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Huge Petition Launched Against Bolt Amidst Renewed Sexual Assault Allegations

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Luis Monzon
Luis Monzon
Journalist. Reach me at

A new petition has been launched in South Africa against popular Estonian ride-hailing app and service Bolt. The petition alleges that “Many South African women have been sexually assaulted by Bolt South Africa drivers.”

The petition is calling for Bolt South Africa to “verify and vet their drivers more efficiently so that accountability and transparency is encouraged.” Started only four days ago, the petition has amassed considerable support and 106,856 people have signed it as of the time of writing.

Social media is abuzz with anecdotal evidence of alleged sexual assaults and harassment experienced by South African customers under the flag of #PetitionAgainstBoltSA and other hashtags.

One particular incident was picked up by Media24, who reported that the accused driver in question had been suspended by the ride-hailing service as of 1 March 2022. A Twitter thread created by a friend of the victim details the alleged assault.

“Bolt is aware of the incident in which a young woman suffered a terribly traumatic experience in Cosmo City. We have engaged with her several times, and we are fully cooperating with the Honeydew police station in their investigation into the incident, as this is where she has opened a case,” Bolt’s regional manager for SADC, Gareth Taylor, said in a statement on Tuesday, seen by Media24.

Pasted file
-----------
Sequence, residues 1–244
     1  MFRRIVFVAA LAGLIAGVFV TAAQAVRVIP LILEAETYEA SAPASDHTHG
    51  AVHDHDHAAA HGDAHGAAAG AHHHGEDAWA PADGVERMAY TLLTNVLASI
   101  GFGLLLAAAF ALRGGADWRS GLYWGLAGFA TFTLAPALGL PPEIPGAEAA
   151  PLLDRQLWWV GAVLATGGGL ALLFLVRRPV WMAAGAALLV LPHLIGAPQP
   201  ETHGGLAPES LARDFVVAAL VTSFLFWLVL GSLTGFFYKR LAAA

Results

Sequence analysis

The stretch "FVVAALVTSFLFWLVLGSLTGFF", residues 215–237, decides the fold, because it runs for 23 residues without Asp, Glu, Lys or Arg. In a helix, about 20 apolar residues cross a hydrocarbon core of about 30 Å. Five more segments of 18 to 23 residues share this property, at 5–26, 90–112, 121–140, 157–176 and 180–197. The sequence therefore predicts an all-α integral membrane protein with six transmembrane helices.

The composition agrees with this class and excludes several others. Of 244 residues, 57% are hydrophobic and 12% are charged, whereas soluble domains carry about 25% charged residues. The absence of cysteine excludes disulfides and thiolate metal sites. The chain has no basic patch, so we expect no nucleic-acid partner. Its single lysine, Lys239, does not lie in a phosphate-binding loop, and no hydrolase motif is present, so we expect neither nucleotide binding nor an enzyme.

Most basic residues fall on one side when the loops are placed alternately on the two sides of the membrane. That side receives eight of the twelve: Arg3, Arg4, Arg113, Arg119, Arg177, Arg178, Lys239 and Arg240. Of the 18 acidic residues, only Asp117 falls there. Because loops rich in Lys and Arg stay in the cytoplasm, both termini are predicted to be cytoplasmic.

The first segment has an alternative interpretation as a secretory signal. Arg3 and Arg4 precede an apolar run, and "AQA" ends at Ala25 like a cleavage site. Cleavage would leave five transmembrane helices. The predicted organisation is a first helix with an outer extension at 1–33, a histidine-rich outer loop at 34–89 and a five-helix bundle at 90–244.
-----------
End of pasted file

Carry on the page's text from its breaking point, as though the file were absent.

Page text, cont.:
Accusations of assault, harassment and even theft against Bolt drivers are plentiful across South African social media:

The petition itself is rife with comments from individuals making allegations against Bolt and its drivers. “I also was the victim of a traumatic experience,” reads one.

“One driver appears on the app and someone else shows up for the pick up. Not safe at all,” says another.

Other users are claiming that Bolt doesn’t care about the safety of its customers, and one commenter says they are afraid to use Bolt because they are female. “We’re at a higher risk of getting [assaulted] as women,” another read.

“Bolt condemns any form of sexual harassment or violence of any kind directed towards e-hailing passengers because it believes that every South African has the right to move around without risk of harm, intimidation or coercion, or fear of harassment, injury, or death” Taylor added.

A History of Violence

Last year, IT News Africa covered a similar situation that had been boiling over in Kenya. Bolt Kenya, after many years of allegations, launched a slightly more-expensive “Women drivers only” option for female e-hailing passengers who were afraid of being targetted by male drivers.

The option was launched only a few days after a Kenyan woman went to social media to report that a Bolt driver had allegedly harmed her physically. Bolt Kenya responded to the allegations, instead claiming that it was the driver that was attacked by the woman and her friends.

Many Kenyan users at the time reacted negatively to the announcement.

In 2020, a Kenyan woman was allegedly nearly kidnapped and threatened with sexual violence by a Bolt driver. Tech Cabal also reported in 2020 that Bolt Nigeria had been seeing an increase in harassment claims by customers against drivers.

Bolt continues to face a negative reputation for being unsafe, even more so than its contemporaries, such as Uber and new arrival DiDi. Bolt states that it will keep looking for ways to make e-hailing safer for everybody, in consultation with its stakeholders.

By Luis Monzon
Follow Luis Monzon on Twitter
Follow IT News Africa on Twitter

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